President Trump, after repeatedly threatening to pull out of the free trade agreement with South Korea (KORUS), instead signed an extension and revision of the agreement. On Monday, during a bilateral meeting ahead of the UN talks on Tuesday, the leaders of the two countries officially agreed to the new deal
In exchange for South Korea being exempted from the 25% import tariff on steel, they accepted a quota limiting their exports to 70% of the current sales.
South Korean trucks extend a 25% tariff, but cars are not affected. The current 25,000 car per year limit on American companies importing to South Korea will be raised to 50,000 cars per year.
The car limitation was a key focus of the Trump administration, and having it lifted was a clear win for them. The Trump philosophy on trade calls for a minimization of trade imbalances, and the outsized sale of Korean cars into the US vs. the sale of US cars into Korea is a key factor in the trade deficit with South Korea.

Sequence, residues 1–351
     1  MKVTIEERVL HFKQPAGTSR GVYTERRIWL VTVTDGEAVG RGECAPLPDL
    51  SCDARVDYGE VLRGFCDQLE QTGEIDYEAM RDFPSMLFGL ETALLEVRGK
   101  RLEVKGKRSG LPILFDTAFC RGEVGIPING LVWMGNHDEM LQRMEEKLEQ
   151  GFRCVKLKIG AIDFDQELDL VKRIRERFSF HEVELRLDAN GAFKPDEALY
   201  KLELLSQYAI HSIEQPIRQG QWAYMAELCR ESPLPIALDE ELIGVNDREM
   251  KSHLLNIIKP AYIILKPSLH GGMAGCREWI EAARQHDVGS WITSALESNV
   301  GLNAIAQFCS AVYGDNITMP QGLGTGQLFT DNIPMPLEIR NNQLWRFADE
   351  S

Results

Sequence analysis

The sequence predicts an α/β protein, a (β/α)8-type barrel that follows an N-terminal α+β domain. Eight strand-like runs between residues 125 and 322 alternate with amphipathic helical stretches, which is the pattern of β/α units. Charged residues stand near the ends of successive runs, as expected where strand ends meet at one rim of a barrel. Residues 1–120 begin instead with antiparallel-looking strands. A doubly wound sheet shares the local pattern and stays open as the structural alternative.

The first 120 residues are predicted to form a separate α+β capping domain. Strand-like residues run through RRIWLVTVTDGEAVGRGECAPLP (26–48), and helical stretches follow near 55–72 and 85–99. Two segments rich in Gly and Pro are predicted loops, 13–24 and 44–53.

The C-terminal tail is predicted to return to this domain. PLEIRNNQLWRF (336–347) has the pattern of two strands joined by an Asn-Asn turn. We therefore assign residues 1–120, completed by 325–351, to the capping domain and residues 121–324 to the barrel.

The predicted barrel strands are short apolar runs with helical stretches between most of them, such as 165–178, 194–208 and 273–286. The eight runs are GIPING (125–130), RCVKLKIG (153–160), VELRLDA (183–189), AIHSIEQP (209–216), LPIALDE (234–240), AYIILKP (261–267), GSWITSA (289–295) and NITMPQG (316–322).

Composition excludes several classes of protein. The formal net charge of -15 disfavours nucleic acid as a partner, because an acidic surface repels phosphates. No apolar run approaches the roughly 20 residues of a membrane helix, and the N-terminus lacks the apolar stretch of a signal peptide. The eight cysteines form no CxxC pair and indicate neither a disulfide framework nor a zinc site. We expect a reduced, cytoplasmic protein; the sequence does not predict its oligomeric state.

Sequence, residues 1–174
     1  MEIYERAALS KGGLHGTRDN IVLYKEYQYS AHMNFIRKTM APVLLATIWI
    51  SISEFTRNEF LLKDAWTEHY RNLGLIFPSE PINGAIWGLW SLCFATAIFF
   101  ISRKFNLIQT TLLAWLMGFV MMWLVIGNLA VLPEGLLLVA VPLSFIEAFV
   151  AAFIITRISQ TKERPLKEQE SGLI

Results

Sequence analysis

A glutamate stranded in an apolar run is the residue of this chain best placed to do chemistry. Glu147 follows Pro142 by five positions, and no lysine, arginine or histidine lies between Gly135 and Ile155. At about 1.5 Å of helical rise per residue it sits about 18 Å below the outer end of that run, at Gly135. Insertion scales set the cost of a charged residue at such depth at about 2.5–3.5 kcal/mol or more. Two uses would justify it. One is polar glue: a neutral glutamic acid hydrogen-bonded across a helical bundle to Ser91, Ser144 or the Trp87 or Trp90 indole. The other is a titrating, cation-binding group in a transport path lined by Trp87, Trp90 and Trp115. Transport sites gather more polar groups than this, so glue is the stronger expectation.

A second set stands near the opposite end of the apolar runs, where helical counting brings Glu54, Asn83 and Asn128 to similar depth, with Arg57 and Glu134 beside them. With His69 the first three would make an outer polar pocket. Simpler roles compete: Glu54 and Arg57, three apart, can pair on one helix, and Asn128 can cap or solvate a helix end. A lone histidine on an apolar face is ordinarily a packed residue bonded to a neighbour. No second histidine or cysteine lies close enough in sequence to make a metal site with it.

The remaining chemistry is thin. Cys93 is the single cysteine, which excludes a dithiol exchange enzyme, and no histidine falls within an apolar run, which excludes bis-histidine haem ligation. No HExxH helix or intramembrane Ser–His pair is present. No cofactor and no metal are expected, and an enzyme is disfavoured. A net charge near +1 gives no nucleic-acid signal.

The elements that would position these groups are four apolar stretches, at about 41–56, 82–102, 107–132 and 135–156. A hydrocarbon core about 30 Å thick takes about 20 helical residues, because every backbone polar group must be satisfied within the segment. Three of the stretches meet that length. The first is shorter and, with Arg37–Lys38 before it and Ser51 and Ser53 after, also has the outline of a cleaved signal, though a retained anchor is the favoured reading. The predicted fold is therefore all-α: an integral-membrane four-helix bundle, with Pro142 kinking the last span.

There are questions about what the practical value of that clear win is, however. No American car company is currently selling in numbers that approach their South Korea limit. Ford, combined with it subsidiary Lincoln, is the American company with the strongest footprint on their market… and it sold less than 12000 cars in 2016, less than 11000 cars in 2017 and is on pace to sell less than 11000 in 2018.
An ancillary result of the meeting between Moon and Trump was the announcement by the President on his relationship with the murderous North Korean dictator Kim Jong Un.
“We’ve made more progress than I think anybody’s made in ever, frankly, with regard to North Korea,” Trump said. “The relationship is very good. In fact, in some ways it’s extraordinary.”
He said a second summit with Kim will happen in the “not too distant future” and that more information will come in a “pretty short period of time.”